The Red, White and Blue Arrows

Harry Lye 10 October 2019 (Last Updated October 10th, 2019 09:42)

The Royal Air Force Aerobatic Team, better known as the Red Arrows, are one of the world’s premier display teams, having performed over 5,000 displays in over 50 countries. We look at the importance of their current North America tour and the history of the iconic display squadron.

The Red, White and Blue Arrows

On any usual year the display season the Red Arrows would be the headliners of the display season along the length and breadth of Britain. This year however fans of the Royal Air Force display team have had to turn their attention to the skies above North America to get a glimpse of the display team.

Leaving in a jet plane

Formed in 1964 the Red Arrows have risen to prominence as a flying symbol of the UK and the RAF. Starting in August of this year the Red Arrows North America Tour saw the iconic red jets travelling across the continent over 11 weeks flying shows in Chicago, Ottawa, New York and a host of other cities in between.  “The tour aims to promote the best of British and deepen partnerships with close friends and allies,” the RAF said before the start of the tour.

The best of British

“The aim of this North American tour is to inspire people of all ages and backgrounds through a world-class display of the best of British,” said Red Arrows Officer Commanding, Wing Commander Andrew Keith, before the squadron’s trademark Hawk T-1As set out from RAF Scampton in the UK to Halifax in Canada. The three-day journey saw the Red Arrows trailed by an RAF Atlas A400M transporter carrying equipment and support staff across the pond. As the Hawks are primarily used for training they are not designed for aerial refuelling, necessitating the need for stops in Iceland and Greenland during their transatlantic trek.

On the ground and in the air

As well as performing their trademark aerial displays, the Red Arrows took part in the ground engagement, championing the Royal Air Force and promoting British trade. In the air across North America, they have graced the skies of 21 cities in the form of full displays or flypasts, performing alongside their US Navy counterparts, the Blue Angels. This visit marked the first time the Red Arrows have touched down in North America for 11 years.

Battle of the birds

After an initial stop in Canada, the Red Arrows made their way down to Chicago for the Chicago Air and Water Show, the largest free air show in the US. Onlookers braved thunderstorms to see the Red Arrows perform classic aerial acrobatics manoeuvres like the ‘twisting tornado’ where two jets twist around the rest of the formation at speed. The air show saw the Red Arrows sharing the skies with the Lockheed Martin F-35 fighter jet, the Boeing V-22 Osprey vertical take-off landing aircraft and the US Air Force Thunderbirds.

Not just skill

Red Arrows displays change yearly but many of the manoeuvres that have made the team famous have stayed the same. The nine jets are supported in the air by Red 10, which communicates with the team leader and supervises the shows. Red 10 also provides commentary of the manoeuvres. The arrows continue training between display seasons. Over winter, pilots fly three sorties a day, five days a week to ensure they remain on the top of their game. After March the arrows usually jet overseas to continue training before the summer display season.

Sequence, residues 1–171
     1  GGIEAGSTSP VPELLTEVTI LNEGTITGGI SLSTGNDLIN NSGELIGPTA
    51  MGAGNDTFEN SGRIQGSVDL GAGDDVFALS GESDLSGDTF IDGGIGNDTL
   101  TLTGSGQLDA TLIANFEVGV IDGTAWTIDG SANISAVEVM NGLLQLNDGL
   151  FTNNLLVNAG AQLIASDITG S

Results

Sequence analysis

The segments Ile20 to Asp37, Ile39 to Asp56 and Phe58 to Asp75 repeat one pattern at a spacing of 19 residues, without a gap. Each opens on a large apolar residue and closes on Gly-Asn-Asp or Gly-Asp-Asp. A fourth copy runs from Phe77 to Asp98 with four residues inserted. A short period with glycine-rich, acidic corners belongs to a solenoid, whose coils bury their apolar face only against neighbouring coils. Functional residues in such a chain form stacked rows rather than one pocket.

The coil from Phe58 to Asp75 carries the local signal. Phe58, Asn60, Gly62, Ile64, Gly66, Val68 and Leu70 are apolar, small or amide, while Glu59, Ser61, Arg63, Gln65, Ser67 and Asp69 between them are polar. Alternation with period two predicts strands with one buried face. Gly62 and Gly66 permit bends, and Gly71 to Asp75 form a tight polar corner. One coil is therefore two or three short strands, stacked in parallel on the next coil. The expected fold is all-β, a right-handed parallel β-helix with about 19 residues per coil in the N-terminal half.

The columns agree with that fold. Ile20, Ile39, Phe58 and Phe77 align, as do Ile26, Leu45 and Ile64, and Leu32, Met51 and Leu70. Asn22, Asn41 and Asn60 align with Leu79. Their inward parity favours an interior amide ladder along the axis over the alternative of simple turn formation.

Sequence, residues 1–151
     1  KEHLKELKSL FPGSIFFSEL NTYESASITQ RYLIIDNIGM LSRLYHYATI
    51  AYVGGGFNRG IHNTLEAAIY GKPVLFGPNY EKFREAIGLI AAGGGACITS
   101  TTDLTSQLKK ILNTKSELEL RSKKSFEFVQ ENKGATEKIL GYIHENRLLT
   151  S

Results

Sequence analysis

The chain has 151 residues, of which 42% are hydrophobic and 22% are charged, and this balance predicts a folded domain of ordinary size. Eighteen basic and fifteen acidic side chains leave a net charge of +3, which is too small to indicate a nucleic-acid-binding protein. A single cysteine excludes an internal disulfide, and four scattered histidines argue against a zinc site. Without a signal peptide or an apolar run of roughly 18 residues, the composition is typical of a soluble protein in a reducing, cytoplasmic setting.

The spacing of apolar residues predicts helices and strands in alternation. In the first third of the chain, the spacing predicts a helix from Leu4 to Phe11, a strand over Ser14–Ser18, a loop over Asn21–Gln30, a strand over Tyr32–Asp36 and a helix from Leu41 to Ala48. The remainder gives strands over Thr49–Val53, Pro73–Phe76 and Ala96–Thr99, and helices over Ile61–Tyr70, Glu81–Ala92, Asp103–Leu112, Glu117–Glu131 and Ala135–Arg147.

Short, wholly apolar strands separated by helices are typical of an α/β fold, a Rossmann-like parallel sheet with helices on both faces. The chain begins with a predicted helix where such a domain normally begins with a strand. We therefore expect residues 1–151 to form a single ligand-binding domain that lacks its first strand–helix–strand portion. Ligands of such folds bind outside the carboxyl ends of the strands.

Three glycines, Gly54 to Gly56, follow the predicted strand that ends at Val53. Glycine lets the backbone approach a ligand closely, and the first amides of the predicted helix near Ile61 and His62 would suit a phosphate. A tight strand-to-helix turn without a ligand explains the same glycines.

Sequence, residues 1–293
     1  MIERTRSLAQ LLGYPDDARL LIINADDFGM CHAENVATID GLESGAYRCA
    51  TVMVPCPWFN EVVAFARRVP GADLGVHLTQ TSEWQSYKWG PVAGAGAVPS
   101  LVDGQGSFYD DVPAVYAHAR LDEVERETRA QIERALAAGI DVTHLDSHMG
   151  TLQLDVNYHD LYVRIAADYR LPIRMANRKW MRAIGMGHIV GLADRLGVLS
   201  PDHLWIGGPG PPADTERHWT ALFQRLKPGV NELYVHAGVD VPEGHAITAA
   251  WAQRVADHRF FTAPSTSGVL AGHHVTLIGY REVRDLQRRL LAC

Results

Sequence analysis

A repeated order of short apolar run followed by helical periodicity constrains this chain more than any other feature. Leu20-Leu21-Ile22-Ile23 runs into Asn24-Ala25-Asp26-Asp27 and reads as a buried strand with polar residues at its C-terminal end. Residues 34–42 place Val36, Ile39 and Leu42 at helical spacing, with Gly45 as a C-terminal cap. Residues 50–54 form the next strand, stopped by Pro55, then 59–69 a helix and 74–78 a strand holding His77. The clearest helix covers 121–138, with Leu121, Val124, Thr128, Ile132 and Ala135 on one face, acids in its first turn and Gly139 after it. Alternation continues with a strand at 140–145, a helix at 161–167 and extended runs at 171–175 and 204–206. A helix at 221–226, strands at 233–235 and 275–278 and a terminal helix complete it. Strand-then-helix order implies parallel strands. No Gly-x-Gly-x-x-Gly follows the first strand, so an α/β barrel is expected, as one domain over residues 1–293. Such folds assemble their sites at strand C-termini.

Hawks above the Hudson

A prominent stop on the tour for the Red Arrows was a flyover in New York City, where the Hawk T1-A jets flew in formation with the F-35 and the US Air Force Thunderbirds. Red Arrows team leader, Squadron Leader Martin Pert said about the experience of flying past the iconic skyscrapers: “To have the opportunity to fly along the Hudson in a fast-jet, with Manhattan’s skyscrapers lining part of the route and so many famous landmarks as a backdrop, was a fantastic, rewarding experience”.

From bug to bird

The Hawk T-1A has become synonymous with the aerial acrobatics squad but it hasn’t always been this way. The display team was formed through the merging of the RAF Black Arrows and Yellowjacks, adopting the latter’s Folland Gnat aircraft. The Gnat was popular among pilots and students due to its size and manoeuvrability, until it was retired in 1979. The Gnat saw the Red Arrows though 1,292 displays before giving way to the now iconic Hawk. Since then the Hawk has seen the Red Arrows through a 1995-96 world tour, the Queen’s golden jubilee in 2002, and a 2018 flypast over the UK’s capital marking the centenary of the RAF.

Trading airspace to promote trade

Red Arrows North America

Speaking before the North America tour kicked off, then Trade Secretary Liam Fox said: “It will include an integrated programme of trade missions and business engagement, involving both the display team and ground crew, and build on the experience of previous tours to provide even stronger support for our business objectives”.